The prize will support the Scottish chef’s work to connect Indigenous peoples to the rest of Australian society by creating a market for their culinary heritage.
The Scottish chef Jock Zonfrillo was awarded the Basque Culinary World Prize 2018, during a prize-giving gala on 22 November at the Victoria Eugenia Theatre in San Sebastián.
The Basque Culinary World Prize is organised and promoted by the Basque Government, under the Euskadi-Basque Country Strategy and the Basque Culinary Center (BCC), a world-leading academic institution in gastronomy. It is an award for chefs improving society through gastronomy in areas ranging from innovation to education, health, research, sustainability, social entrepreneurship and economic development.
In the presence of a distinguished audience, the Basque Government’s Councillor for Economic Development and Infrastructure, Arantxa Tapia, awarded Jock Zonfrillo the prize, now in its third edition, for his work challenging the exclusion of the First Australians from contemporary Australia’s history and culture. Through his Orana Foundation, Jock Zonfrillo preserves the sophisticated cooking knowledge and practice of Indigenous Australians who have farmed and thrived on the land for 60,000 years.
Since making Australia his home, in 2000, Jock Zonfrillo has visited remote communities to understand the origins of ingredients and their cultural significance. He has given them a platform on the menus of his prestigious Orana restaurant, based in Adelaide, and has brought Aboriginal cultural traditions to wider audiences through programs such as the Nomad Chef.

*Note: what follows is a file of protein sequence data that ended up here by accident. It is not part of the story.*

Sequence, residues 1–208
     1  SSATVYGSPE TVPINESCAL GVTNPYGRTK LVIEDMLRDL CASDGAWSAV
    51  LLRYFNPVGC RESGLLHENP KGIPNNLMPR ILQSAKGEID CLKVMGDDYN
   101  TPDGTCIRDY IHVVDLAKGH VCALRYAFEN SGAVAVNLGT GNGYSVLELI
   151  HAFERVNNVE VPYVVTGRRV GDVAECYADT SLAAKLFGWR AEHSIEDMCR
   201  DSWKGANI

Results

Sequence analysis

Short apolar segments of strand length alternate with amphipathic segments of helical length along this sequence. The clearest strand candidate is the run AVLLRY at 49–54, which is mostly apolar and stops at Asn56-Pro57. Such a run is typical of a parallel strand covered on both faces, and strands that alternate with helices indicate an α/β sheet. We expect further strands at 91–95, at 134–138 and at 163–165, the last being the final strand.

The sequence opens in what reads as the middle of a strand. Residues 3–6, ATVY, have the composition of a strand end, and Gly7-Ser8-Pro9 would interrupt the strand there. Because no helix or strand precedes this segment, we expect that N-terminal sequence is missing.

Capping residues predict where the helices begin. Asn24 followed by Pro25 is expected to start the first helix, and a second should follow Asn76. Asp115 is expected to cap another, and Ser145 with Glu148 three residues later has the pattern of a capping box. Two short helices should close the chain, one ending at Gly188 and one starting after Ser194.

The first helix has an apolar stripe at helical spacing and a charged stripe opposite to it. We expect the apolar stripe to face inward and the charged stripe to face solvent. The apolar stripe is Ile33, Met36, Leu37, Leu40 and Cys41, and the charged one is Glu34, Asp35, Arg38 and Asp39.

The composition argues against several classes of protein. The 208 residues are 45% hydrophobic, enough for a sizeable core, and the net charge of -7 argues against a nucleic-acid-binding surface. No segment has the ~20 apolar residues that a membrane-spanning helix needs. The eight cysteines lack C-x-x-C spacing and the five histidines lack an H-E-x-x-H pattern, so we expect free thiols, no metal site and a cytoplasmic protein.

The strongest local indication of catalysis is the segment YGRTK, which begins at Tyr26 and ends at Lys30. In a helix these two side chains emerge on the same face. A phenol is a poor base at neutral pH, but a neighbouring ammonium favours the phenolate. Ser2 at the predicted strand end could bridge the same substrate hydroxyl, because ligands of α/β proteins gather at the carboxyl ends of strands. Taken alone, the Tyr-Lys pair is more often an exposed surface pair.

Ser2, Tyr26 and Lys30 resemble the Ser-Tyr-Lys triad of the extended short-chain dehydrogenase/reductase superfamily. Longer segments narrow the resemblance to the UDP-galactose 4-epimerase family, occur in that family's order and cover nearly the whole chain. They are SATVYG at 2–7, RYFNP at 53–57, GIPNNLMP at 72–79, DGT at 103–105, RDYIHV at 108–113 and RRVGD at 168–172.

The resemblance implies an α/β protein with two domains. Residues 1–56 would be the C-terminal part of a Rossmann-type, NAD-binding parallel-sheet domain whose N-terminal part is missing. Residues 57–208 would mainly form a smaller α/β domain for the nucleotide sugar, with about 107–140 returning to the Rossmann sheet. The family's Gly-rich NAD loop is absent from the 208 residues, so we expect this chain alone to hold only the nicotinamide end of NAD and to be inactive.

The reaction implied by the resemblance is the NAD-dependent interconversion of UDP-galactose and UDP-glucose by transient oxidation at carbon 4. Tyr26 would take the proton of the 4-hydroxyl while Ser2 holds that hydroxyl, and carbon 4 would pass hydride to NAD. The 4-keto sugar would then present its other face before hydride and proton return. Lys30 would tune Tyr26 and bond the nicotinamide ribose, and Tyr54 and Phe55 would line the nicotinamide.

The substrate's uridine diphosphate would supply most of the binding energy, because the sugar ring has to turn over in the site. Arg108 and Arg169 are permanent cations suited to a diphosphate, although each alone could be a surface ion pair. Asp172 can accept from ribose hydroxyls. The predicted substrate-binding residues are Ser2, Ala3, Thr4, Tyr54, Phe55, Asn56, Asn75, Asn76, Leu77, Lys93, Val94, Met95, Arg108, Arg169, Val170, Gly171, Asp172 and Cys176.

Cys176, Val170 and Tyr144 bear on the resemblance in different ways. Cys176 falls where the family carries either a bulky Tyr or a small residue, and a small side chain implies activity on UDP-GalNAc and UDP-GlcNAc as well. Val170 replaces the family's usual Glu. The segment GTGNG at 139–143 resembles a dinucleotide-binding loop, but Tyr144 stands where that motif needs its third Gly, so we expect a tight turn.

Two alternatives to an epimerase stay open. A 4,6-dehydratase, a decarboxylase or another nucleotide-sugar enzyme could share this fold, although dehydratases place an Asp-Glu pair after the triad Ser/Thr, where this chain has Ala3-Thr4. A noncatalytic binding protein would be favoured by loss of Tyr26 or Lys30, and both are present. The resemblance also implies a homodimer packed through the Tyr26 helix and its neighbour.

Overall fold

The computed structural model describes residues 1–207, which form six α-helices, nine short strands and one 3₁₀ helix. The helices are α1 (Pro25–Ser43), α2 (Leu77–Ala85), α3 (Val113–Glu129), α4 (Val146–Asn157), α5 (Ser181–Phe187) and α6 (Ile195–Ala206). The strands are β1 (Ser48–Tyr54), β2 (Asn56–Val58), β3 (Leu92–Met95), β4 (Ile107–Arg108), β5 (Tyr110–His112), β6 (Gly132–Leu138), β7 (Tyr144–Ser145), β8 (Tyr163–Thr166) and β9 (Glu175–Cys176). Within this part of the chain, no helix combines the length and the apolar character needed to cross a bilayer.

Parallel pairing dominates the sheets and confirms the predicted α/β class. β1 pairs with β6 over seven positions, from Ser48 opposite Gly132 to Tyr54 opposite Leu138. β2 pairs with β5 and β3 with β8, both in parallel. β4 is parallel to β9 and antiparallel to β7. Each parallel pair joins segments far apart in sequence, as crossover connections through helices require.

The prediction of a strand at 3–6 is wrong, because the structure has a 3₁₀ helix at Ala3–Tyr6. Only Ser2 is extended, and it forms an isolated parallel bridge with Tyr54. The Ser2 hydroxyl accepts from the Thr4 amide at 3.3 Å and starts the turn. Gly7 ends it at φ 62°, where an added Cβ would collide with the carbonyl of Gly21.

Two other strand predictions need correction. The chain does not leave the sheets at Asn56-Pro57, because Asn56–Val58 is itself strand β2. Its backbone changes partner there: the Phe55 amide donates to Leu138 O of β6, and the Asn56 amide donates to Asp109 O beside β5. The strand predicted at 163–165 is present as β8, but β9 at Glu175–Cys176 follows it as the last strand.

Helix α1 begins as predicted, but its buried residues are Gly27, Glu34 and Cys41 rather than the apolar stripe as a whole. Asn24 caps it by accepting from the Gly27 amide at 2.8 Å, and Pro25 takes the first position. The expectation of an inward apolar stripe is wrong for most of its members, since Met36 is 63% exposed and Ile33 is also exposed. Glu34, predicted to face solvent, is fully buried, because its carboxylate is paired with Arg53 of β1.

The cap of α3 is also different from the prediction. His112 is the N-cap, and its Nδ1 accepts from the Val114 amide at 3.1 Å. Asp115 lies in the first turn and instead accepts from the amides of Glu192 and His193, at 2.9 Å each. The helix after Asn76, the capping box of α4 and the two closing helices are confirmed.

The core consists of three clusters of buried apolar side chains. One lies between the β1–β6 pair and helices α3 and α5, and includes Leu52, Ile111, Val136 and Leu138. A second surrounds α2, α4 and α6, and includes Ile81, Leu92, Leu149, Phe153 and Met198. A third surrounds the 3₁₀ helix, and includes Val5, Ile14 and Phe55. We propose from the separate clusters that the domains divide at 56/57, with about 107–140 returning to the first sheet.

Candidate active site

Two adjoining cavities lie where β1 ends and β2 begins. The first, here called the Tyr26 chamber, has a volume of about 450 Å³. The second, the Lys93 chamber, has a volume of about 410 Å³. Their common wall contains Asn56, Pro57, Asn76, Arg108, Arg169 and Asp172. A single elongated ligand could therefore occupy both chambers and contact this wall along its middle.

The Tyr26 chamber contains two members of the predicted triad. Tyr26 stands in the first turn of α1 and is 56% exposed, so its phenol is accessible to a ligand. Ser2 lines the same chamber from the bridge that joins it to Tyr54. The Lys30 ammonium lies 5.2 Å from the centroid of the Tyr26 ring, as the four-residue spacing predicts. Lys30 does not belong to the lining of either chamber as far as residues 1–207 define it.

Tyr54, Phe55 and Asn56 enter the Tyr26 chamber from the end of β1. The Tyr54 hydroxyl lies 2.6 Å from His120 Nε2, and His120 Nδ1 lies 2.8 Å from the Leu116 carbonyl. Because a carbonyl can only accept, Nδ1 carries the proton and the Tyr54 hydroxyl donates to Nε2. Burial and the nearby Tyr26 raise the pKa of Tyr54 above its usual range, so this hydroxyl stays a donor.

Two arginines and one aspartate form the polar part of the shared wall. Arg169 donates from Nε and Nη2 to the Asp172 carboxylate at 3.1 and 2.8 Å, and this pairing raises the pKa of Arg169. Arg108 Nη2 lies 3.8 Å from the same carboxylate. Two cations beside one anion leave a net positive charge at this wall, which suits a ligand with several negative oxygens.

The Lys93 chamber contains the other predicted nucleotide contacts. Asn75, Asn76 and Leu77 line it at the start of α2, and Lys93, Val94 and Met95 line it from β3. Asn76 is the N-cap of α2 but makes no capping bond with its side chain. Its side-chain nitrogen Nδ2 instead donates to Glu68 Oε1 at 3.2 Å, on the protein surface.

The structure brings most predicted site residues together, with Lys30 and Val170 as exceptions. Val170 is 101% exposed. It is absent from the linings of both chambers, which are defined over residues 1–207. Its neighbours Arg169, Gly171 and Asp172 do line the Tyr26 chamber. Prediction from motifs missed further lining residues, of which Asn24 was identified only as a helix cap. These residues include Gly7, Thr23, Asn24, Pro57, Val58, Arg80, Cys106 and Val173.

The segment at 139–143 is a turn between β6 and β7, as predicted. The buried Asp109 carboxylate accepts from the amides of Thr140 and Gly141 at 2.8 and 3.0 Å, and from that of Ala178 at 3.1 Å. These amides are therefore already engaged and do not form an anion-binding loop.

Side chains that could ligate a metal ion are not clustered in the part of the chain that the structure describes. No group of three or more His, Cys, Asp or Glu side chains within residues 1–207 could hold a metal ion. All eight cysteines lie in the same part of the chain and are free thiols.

The chef has documented native products and worked with them in innovative ways. Through alliances with universities and institutions including The University of Adelaide, the South Australian Museum, and the Botanic Gardens of South Australia, he has ensured that information on these ingredients has been verified and recorded as part of a new database of Indigenous ingredients.
The Basque Culinary World Prize fund of €100,000 will be used by Jock Zonfrillo’s Orana Foundation to support this Indigenous food database. Eventually, it will feature 10,000-15,000 edible native ingredients, enabling the commercial production of ingredients and creating new food-based enterprises for Indigenous communities. The Basque Culinary World Prize funds will help develop the software required to house the 2,000 ingredients already analysed and to scale to 15,000 ingredients over the next few years.